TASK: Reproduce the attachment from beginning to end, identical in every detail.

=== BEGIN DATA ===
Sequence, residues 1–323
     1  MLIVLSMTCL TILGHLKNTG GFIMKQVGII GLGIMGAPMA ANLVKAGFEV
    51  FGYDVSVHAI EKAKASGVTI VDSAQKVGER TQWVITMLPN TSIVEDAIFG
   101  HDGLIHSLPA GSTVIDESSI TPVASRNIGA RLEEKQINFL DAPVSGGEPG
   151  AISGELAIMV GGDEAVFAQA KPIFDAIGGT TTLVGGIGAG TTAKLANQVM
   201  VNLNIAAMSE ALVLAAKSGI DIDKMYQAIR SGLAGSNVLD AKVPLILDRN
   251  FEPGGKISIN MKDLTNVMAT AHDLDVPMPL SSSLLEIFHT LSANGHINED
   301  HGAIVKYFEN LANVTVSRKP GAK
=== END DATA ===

Sequence, residues 1–323
     1  MLIVLSMTCL TILGHLKNTG GFIMKQVGII GLGIMGAPMA ANLVKAGFEV
    51  FGYDVSVHAI EKAKASGVTI VDSAQKVGER TQWVITMLPN TSIVEDAIFG
   101  HDGLIHSLPA GSTVIDESSI TPVASRNIGA RLEEKQINFL DAPVSGGEPG
   151  AISGELAIMV GGDEAVFAQA KPIFDAIGGT TTLVGGIGAG TTAKLANQVM
   201  VNLNIAAMSE ALVLAAKSGI DIDKMYQAIR SGLAGSNVLD AKVPLILDRN
   251  FEPGGKISIN MKDLTNVMAT AHDLDVPMPL SSSLLEIFHT LSANGHINED
   301  HGAIVKYFEN LANVTVSRKP GAK